Introverts are often withdrawn and quiet. At work, this can lead to them being overlooked. Expert Sylvia Löhken gives tips on how introverts can be successful at work.
Many introverts feel that in order to be successful, they need to change – to be more outgoing, louder, and more outgoing. A fallacy, says author and career coach for introverts and extroverts, Sylvia Löhken. Former Chancellor Angela Merkel and her successor Olaf Scholz are also introverted. Löhke knows how introverts react in certain situations and gives advice on how to successfully master five typical situations in everyday working life:
1. Show your own performance: Lots of introverts would think that bosses would automatically notice their good work, Löhken says. In truth, however, it is not always clear who does what in everyday office life. She warns: “Perceived competence is a big part of professional success.” Especially when working from home, the expert advises writing an email to the boss, for example, when an important task has been completed. It also helps to talk well about colleagues and successful projects of your own.
What is introversion?
What is introversion?
Introvert literally means “turning inward”. In the meantime, brain regions can be used to show how introverted we are with certain characteristics, says Sylvia Löhken. There are three areas:
2. Working in chaos: Introverts work best in a quiet environment without constant stimulation like noise, Löhken says. In the open-plan office, noise-cancelling headphones, earplugs or retreating to a conference room would help. She advises introverts with a lot of human contact, for example in gastronomy, to take regular breaks: “It can be a walk, sitting in a restaurant or a power nap.” It is also important in the home office that introverts take care of themselves. “If I, as an introvert, have two preschool children jumping around in my home office and a partner who is doing a video conference next door, I still have the stimulation,” describes Löhken.
Boris Schafgans DGPh
3. Convince in the conference: Conferences would actually suit introverts, says Löhken: “The really important decisions are agreed beforehand.” That is “intro-fair”, because this agreement takes place in a one-to-one conversation. So that introverts do not remain silent in the meeting, she recommends: “It is good to make a certain number of contributions.” In video conferences, introverts could use chat to avoid being ignored. They could also announce their concerns to their boss in advance.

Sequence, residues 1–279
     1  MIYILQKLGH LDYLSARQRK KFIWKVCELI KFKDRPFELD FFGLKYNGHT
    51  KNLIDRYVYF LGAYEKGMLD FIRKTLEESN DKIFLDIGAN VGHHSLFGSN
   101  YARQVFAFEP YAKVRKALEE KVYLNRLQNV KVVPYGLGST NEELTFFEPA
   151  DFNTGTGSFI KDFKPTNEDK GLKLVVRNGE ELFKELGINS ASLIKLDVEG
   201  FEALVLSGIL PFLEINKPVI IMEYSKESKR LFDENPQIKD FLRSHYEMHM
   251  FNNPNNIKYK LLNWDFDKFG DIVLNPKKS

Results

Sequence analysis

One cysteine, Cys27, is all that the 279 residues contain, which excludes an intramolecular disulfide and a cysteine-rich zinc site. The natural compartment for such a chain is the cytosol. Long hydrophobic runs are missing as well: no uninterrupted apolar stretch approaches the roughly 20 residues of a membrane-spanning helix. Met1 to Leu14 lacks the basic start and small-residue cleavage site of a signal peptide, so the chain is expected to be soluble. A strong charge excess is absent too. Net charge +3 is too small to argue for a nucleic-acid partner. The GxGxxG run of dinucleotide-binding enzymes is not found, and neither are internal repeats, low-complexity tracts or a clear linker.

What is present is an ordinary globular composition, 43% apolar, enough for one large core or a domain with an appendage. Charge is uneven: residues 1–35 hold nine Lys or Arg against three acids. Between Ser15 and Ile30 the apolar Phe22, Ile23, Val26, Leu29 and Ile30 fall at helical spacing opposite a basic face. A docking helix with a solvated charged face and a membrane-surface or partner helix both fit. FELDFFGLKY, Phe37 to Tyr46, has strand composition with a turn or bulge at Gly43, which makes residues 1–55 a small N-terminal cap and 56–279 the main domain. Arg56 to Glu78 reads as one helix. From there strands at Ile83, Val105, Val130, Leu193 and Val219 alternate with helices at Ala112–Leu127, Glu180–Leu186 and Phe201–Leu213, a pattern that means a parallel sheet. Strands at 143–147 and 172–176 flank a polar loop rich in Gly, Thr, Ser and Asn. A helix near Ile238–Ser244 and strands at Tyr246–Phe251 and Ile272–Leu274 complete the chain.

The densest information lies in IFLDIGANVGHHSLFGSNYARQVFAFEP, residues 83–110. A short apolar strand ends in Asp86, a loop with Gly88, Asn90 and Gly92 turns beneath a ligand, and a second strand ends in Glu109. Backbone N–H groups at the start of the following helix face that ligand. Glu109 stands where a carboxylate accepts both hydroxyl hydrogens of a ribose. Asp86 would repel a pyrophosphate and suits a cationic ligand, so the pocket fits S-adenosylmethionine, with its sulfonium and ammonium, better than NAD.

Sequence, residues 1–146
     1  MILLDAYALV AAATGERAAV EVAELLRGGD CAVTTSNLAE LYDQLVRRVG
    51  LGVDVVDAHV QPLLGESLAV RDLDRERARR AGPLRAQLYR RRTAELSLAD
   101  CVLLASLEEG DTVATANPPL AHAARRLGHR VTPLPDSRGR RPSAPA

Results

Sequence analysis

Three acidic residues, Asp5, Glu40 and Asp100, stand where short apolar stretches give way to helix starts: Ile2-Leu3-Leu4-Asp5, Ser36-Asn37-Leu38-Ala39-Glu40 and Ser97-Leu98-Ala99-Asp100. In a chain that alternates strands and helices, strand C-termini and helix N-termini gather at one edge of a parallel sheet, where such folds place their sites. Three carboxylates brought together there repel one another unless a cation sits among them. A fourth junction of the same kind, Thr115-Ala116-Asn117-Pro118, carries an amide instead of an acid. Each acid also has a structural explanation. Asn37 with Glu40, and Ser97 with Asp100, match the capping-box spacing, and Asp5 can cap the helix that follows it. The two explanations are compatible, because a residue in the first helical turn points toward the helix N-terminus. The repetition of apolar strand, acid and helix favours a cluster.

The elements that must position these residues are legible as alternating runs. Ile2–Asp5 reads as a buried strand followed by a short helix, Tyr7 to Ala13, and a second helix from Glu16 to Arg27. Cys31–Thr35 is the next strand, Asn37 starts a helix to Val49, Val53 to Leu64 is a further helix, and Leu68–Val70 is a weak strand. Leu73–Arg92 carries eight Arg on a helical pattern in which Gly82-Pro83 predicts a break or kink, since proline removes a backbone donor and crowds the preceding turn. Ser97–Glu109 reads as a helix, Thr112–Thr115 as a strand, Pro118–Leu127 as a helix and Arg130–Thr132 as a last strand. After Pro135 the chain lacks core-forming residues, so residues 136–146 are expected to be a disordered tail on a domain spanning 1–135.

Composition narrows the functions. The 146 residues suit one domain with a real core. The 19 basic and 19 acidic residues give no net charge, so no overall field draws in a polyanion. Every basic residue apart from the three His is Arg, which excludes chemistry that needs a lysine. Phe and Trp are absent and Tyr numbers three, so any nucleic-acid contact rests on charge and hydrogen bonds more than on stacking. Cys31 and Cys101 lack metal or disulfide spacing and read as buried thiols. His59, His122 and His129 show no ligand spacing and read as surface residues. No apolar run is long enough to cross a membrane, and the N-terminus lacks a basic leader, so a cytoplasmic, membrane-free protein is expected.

4. Don’t give in to criticism: Introverts can use linguistic strategies to deal with critical comments from colleagues. For example, if someone says “Your numbers can’t be right,” Löhken recommends a bridge sentence as an answer. These are phrases used to ward off unfair verbal attacks and get back to the actual topic at hand. One possible answer is: “We were also quite surprised, we checked the numbers twice and they are actually correct. The question is: why are they like this?” It is important to always remain friendly and express yourself clearly.
5. Master the presentation: Giving a speech or presenting something is pure stress for some introverts, says Löhken. The ritualized speeches have an advantage: when one speaks, the others listen. Exercise will help. “The more often we experience and survive this situation, the safer we feel,” says Löhken. For a successful presentation, only one structure is required, for example the five-sentence technique. This is a fixed structure with an introduction, three content-related points and the core message at the end. Structured thinkers could even build impromptu speeches quickly. Löhken gives all introverts a quote from country singer Dolly Parton: “Find out who you are to do it on purpose”. So if you are an introvert, you should first get to know your strengths and weaknesses yourself, find a way to deal with them – and thus become successful in your own way.